At the very beginning of your API Gateway journey, everything seems to be easy and magic to expose your APIs within the Gravitee.io constellation, and you’re feeling like a unicorn horse in a fantastic world...
You, as an API publisher, just have to declare and define one or more APIs in the publisher portal, deploy them across multiple instances of API gateway and… that’s all, you are now ready and wait for consumers. Well done guy!
But one day, your company wants to explore other skies, other businesses and is looking to expose APIs not only for its internal developers, but also to partners and, why not, expose them to a larger public because you think there are some big business challenges to achieve thanks to your services / your data.
Fortunately, Gravitee.io is coming with some facilities to manage your API deployments which allow you to distribute APIs among multiple API Gateway instances. This is the well-known sharding-tags feature.
Look at this big middleware!
When starting with API Management, the easiest solution is to expose an API Gateway instance (or multiple instances, it doesn’t matter) and then deploy the APIs to it.
That sounds good, it’s pretty easy but this has some major drawbacks:
- Gateway’s resources are shared between all the APIs. How would you manage the resource if the gateway is managing a very large traffic for multiple APIs?
- How would you manage the exposition of APIs?
- Some will say that in this scenario, gateway must be considered as a single-point-of-failure (ok, we can still have multiple API gateway instances…)
Let’s start to split API deployments
Once you get ready with a quite simple middleware deployment, you’re looking to go further on the deployment strategy.
Thanks to the experience we get from our customers at GraviteeSource, we know that the first requirement is to manage API exposition to e different target: their partners, but without having to expose existing internal services.
Some of them are also looking to manage APIs per company’s entities or per functional domain.
The biggest drawback with this strategy is that you will have to manage multiple entry-points / domains to access each of these sub-clusters, for example:
- https://api.mycompany.com (for public access)
- https://private.api.mycompany.com (for internal / private access)
- https://partners.api.mycompany.com (for partners access)
But again, Gravitee.io comes to the rescue and helps you to manage and define all the entry-points according to the sharding-tags configuration.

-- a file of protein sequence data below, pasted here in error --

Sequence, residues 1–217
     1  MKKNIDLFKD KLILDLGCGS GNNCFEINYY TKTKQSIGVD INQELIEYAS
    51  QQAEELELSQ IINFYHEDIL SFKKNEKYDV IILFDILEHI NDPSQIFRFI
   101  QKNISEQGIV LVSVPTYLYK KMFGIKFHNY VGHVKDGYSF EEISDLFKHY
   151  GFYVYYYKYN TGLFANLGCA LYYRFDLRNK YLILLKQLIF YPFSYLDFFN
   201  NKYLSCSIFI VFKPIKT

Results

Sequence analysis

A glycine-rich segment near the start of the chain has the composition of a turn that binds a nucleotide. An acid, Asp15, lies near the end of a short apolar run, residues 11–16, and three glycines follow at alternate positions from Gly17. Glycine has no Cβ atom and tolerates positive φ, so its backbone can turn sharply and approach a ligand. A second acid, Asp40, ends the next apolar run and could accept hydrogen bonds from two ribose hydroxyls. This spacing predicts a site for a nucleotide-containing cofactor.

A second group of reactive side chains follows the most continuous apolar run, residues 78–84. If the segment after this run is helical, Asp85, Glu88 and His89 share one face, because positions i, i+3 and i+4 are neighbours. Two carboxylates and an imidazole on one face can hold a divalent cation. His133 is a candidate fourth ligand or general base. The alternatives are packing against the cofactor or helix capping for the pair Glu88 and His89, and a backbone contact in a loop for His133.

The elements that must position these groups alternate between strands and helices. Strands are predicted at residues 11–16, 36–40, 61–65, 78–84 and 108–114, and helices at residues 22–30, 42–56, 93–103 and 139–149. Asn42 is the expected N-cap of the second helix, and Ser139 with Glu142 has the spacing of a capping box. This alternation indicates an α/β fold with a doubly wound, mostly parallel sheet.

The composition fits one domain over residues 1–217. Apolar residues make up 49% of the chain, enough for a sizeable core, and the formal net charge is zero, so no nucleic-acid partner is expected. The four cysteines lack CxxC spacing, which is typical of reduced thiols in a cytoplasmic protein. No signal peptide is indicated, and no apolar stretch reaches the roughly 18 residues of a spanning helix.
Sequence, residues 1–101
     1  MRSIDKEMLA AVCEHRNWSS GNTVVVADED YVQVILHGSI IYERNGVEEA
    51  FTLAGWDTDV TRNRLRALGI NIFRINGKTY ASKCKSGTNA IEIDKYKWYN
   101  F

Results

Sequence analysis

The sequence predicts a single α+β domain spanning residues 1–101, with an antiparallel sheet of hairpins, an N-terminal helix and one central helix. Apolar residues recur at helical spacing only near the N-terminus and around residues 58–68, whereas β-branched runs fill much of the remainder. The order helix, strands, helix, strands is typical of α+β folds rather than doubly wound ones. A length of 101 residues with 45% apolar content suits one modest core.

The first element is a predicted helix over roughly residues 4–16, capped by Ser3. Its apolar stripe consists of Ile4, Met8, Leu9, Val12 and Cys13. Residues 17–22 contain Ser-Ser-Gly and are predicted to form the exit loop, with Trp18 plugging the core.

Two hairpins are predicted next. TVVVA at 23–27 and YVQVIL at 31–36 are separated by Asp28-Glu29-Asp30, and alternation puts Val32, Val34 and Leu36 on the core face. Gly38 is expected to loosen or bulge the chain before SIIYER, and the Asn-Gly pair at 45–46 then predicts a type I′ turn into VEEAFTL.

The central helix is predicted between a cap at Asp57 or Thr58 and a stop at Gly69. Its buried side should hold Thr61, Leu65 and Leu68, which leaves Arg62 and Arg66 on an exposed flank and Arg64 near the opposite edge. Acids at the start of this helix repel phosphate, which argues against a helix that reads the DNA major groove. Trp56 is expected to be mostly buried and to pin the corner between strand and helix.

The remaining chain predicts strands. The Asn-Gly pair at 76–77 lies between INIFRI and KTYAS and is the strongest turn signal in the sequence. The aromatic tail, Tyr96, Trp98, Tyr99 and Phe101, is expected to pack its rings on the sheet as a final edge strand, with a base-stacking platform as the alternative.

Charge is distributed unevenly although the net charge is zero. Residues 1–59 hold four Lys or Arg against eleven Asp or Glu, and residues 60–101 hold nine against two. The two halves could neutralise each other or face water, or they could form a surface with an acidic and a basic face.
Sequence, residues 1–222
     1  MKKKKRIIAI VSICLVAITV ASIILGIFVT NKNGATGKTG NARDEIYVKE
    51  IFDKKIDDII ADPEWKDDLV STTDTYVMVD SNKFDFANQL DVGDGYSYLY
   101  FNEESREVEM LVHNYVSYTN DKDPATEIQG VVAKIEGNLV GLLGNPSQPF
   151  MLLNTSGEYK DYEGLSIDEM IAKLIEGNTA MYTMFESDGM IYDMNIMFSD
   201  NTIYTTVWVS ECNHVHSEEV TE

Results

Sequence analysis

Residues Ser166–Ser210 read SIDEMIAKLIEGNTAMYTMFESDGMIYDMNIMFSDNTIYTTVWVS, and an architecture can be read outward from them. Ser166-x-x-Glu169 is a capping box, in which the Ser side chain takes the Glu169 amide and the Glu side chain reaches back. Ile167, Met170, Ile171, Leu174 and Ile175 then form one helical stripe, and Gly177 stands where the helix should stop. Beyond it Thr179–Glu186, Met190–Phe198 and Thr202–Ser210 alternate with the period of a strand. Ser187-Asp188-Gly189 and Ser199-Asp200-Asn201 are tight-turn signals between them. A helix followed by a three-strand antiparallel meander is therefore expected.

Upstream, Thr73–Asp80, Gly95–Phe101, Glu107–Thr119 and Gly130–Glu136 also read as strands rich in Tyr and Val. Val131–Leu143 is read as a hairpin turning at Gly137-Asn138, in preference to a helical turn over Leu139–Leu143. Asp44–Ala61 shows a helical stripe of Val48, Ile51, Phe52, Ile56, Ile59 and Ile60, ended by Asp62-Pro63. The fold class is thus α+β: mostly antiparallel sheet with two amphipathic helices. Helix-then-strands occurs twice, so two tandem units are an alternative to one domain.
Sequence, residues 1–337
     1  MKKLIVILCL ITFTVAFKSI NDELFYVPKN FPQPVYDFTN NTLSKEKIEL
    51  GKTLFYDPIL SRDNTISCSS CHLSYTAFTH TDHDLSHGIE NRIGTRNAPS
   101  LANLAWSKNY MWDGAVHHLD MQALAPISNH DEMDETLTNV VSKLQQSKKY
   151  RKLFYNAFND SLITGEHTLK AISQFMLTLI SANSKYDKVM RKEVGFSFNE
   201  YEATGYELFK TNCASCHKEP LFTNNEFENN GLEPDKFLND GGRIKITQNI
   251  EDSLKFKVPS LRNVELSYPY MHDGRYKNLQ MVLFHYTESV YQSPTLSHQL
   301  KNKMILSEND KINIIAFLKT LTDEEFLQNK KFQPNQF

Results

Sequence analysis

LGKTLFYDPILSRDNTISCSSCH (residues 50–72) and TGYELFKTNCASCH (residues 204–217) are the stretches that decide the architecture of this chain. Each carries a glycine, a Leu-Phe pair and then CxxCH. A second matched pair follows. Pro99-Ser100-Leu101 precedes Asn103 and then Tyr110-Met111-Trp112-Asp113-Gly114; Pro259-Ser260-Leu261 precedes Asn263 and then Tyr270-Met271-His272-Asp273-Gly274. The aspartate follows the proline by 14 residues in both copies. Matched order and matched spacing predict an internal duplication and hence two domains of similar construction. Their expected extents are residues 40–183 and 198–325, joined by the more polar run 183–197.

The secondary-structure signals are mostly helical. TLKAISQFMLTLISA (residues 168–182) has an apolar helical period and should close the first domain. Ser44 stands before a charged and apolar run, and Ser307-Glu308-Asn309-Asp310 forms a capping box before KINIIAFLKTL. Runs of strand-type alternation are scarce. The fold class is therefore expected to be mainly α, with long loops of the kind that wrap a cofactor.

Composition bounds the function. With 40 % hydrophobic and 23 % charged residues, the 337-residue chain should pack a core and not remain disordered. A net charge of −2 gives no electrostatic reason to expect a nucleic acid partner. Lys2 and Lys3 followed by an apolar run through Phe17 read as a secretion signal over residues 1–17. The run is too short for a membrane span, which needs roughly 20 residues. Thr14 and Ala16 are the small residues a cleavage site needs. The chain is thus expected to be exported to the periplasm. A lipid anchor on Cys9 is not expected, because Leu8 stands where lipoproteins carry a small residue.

For sure, these entry-points will be easily accessible from the developers portal to help them to start quickly with APIs you exposed, ensuring the time-to-first-api-call.
As a side-car
Latest strategy option is to put an API Gateway in front of your API backends to ensure and apply common features without having to implement them as part of your backend (security enforcement, logging, rate-limiting, …)
This pattern is mainly coming from micro-services architecture but may be applied in many ways.
The pros are:
- All the API gateway resources are allocated for a single API, which will be really great for APIs with a (very) large traffic,
- API Backends may be written in different languages,
- API Backends code should not have to change,
- Because of the proximity, latency should be low,
- Even if the API backend does not provide extensibility, you can still add functionality at the gateway level.
But, for sure, there are also some drawbacks:
- This strategy may be overkill if your API is small
- You may have to manage side-car scalability differently than or independently from the API backends (but it’s not really hard with Gravitee and its service discovery feature / implementations).
Well! But what about my plans?
Obviously, it appears that the API is deployed on multiple shards, let’s say for an internal purpose and your partners. For sure, you can manage it by defining deployment tags at the API level, but what about the API’s plans? What if you’ve define specific plans for your partners, most probably with specific constraints (only GET method, not more than 10k requests per month, …)?
Again, Gravitee.io is still there to help you to manage also the sharding / deployment of the API’s plans to distribute them according to the consumer target. So, for example, you can base API authentication on two distinct OAuth2 or JWT plan, using two distincts authorization server or public key. And the gateway will take about the rest… Say, thanks Gravitee :)
In this post, we’ve covered the different options to manage deployment of your APIs and their underlying plans.
You can continue and go further with Gravitee.io to manage even more easily the way to resolve API backends / endpoints according to where the gateway is deployed, something we are calling “tenant” or “tenancy” and which can be widely used in the context of multi data-center deployments.
But, this would be the topic for an other blog post :)
If you have questions, suggestions, issues, we would be happy to help you from our Gitter channel.